Supply Chain Matters provides a brief update to our previous commentary regarding Apple’s reported potential development of an electric powered car. More information has come to public light, information pointing to development of advanced battery component capabilities for larger applications.
Today’s edition of The Wall Street Journal echoes a published report from Reuters that A123 Systems, a lithium-ion battery developer and producer is in the process of filing suite with Apple for what that company alleges as “an aggressive campaign to poach employees.” The compliant names five employees that have defected to Apple or appear to be in the process of recruiting other existing A123 employees to join Apple.
According to the Reuters report: “Apple has been poaching engineers with deep expertise in car systems, including from Tesla, Inc., and talking with industry experts and automakers with the ultimate aim of learning how to make its own electric car, an auto industry source said last week.” In its reported lawsuit, A123 believes Apple aims to build a competing battery business partially relying on the expertise from its former employees. The employees in question, who initially joined Apple in June of last year, were reported to be working of A123’s most critical projects, and by joining Apple, they violated their employment agreements.
Neither Apple nor A123 have responded to both media outlets in requests for confirmation.
A123 was initially funded in-part by a research grant in 2009 from the U.S. government as part of a broad economic stimulus program as a result of the severe recession at the time. A123 Systems, who was awarded a $249 million matching, grant to construct world class lithium-ion battery manufacturing facilities in the U.S., and Johnson Controls was awarded a similar amount to deploy advanced battery supply capabilities. A123 had been previously designated by Chrysler as its prime battery supplier, while Johnson Controls, in a joint venture with France’s SaftGroupe, was previously chosen to be a primary battery supplier to Ford Motor Company. Later however, A123 ran into a number of business challenges and had to file for bankruptcy in 2012.
These notion reinforces the speculation that we raised in our previous commentary, namely that if Apple has serious intent to produce electric cars, it needs to invest in product design and manufacturing sourcing of batteries.
Business media including the Financial Times and the Wall Street Journal reported last week that Apple was working on a secret research lab (not so secret anymore) possibly directed at developing a concept electric car. According to these reports, under the code name “Project Titan” Apple has several hundred employees working at this research lab designing a concept vehicle that resembles a minivan.
Apple, of course, has declined comment to any of these publications.
According to the published WSJ report, the size of the project team and the senior executive hires are indications of seriousness, with Apple CEO Tim Cook approving the development project almost a year ago. Once more, the report indicates that Apple executives have flown to Austria to meet with contract manufacturers. The publication names the Magna Steyr unit of Canadian auto parts supplier Magna International as one potential party involved.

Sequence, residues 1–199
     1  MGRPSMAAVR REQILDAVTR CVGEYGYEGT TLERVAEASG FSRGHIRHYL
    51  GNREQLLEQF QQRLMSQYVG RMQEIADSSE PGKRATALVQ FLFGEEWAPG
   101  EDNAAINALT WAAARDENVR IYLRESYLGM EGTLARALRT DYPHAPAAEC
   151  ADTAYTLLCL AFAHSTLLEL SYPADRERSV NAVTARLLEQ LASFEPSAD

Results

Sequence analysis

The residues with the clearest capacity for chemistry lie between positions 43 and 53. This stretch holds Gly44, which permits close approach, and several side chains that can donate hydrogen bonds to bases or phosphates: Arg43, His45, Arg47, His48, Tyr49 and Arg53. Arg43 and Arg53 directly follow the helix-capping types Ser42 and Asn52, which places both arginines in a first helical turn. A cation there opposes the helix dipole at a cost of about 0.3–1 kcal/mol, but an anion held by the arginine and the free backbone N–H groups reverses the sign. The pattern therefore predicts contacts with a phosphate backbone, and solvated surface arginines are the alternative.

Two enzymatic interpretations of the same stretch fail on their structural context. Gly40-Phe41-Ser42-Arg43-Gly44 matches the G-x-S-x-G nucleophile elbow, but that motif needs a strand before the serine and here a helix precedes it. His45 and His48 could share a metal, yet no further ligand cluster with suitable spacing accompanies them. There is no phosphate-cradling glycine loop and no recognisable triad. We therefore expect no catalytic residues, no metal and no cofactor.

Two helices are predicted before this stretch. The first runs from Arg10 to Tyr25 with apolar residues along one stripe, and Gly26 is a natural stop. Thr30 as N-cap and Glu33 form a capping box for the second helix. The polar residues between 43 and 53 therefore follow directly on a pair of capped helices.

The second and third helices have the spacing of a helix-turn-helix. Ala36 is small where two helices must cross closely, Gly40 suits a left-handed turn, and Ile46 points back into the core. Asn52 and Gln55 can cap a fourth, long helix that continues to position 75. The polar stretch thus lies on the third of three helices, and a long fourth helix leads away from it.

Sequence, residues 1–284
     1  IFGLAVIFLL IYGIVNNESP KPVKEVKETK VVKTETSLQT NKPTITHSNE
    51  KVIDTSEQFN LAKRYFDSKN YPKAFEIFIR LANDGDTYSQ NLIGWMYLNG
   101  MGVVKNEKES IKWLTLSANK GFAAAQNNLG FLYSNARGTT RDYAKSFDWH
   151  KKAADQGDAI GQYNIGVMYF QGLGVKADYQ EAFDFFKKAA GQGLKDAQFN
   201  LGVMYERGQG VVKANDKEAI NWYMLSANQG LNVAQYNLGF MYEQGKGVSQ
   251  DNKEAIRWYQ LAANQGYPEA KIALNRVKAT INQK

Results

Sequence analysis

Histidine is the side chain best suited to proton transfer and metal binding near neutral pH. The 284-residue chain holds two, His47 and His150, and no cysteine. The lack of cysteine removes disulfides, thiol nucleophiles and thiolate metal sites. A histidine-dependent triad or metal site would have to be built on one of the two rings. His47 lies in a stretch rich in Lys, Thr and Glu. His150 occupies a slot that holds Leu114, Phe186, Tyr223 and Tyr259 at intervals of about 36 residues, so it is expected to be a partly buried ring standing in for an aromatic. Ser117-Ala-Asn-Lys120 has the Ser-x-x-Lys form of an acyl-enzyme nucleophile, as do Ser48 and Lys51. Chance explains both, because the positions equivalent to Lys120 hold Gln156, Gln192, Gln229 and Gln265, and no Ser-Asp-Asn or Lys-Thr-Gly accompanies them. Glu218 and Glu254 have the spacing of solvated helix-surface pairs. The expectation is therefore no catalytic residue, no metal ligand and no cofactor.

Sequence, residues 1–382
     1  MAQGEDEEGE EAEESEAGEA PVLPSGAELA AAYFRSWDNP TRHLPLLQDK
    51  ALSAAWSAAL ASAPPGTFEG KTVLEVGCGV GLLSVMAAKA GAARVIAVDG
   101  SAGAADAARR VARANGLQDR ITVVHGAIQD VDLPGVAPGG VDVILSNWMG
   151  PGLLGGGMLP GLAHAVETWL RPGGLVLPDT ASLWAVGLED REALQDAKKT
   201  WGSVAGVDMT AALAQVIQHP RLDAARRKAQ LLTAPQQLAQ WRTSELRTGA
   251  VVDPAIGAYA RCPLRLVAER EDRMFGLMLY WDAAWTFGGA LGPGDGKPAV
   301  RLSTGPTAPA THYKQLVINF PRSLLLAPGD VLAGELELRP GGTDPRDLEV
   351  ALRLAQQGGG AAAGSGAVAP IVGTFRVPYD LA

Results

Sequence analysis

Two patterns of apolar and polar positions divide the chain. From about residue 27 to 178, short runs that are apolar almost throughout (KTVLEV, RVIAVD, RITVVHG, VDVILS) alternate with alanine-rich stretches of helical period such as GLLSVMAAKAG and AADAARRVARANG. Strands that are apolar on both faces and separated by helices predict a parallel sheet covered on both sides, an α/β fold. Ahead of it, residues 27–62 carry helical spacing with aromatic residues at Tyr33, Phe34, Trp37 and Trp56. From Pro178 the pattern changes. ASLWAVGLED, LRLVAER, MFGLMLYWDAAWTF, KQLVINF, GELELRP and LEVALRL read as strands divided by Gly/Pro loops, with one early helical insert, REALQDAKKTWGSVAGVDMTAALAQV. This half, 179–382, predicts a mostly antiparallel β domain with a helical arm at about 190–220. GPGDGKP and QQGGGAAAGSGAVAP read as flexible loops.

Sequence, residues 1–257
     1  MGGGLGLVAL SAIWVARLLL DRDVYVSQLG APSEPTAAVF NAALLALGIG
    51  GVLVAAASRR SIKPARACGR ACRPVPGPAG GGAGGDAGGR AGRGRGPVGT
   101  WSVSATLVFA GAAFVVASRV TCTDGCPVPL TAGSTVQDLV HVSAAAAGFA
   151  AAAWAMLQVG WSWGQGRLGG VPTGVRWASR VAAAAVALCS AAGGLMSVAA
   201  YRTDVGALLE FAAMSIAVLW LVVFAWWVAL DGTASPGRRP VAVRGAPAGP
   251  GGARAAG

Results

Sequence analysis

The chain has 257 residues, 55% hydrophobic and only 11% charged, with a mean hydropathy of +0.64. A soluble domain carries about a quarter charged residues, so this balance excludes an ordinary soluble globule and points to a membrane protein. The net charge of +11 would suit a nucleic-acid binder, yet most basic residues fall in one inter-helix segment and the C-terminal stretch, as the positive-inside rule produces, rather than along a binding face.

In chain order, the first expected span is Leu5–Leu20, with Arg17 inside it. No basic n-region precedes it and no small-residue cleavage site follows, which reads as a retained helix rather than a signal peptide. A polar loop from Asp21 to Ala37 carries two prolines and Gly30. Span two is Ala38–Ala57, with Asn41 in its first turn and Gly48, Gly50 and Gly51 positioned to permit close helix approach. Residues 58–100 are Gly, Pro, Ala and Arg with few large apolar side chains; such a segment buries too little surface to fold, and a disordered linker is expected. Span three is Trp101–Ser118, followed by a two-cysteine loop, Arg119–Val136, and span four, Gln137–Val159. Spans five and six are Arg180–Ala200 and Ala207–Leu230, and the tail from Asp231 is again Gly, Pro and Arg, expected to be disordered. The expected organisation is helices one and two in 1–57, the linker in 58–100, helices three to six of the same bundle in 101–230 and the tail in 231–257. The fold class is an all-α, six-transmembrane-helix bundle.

The report accurately notes that manufacturing an automobile is enormously expensive with a single plant costing upwards of well over $1 billion. Thus, it should be of little surprise that Apple might be investigating existing contract manufacturing options.
Auto supply chain teams know all too well that sourcing production in any particular country and transporting autos among global regions can be an expensive proposition without volume and market scale. It’s clearly not the same as shipping iPhones and iPads or for that fact, ramping-up new product and supply chain labor resources to coincide with a product development lifecycle. Once more, intellectual property (IP) protection becomes a larger consideration because of the nature of the multiple components and new technologies that may be involved. For electric powered vehicles, the design and production cost of the batteries is the single most important material and product margin component.
Another parallel that these reports bring forward is that if Apple becomes serious in pursuing this foray into electric cars, it will likely be a competitor to Tesla Motors, who has been pursuing a vertical integration strategy including the design and production of its own electric storage batteries for automotive and solar energy storage use. Tesla elected to invest in a former Toyota auto factory located in Fremont California.
Certainly, there will be continued speculation as to what Apple ultimately decides to do. However, in the light of our previous Supply Chain Matters challenge to Apple to invest more in U.S. or North America based production, Project Titan could provide the opportunity to consider such an investment commitment, either contract manufacturing or owned manufacturing investment. North America automotive production plants and their associated supply chains have proven world class competitiveness and indeed are exporting vehicles to global markets.
However, in light of our previous commentary noting excess auto production capacity across China, Apple may elect its familiar new product introduction and contract manufacturing model.
Bloomberg BusinessWeek reports that both domestic and foreign-based auto producers continue to build and subsequently bring online more auto production capacity across China. The report cites a projection that by 2017 there will be 140 auto production plants in China vs. the 123 existing at the end of 2014. The problem, however, is that China’s nationwide domestic auto consumption is far short of this capacity indicating that overcapacity is expected to worsen. Cited is an IHS Automotive chart indicating that China’s excess capacity has jumped 83 percent in the last two years. The article cites a JSC Automotive forecast that by 2017, auto plants across China will be able to produce 11.4 million more cars than are expected to be sold.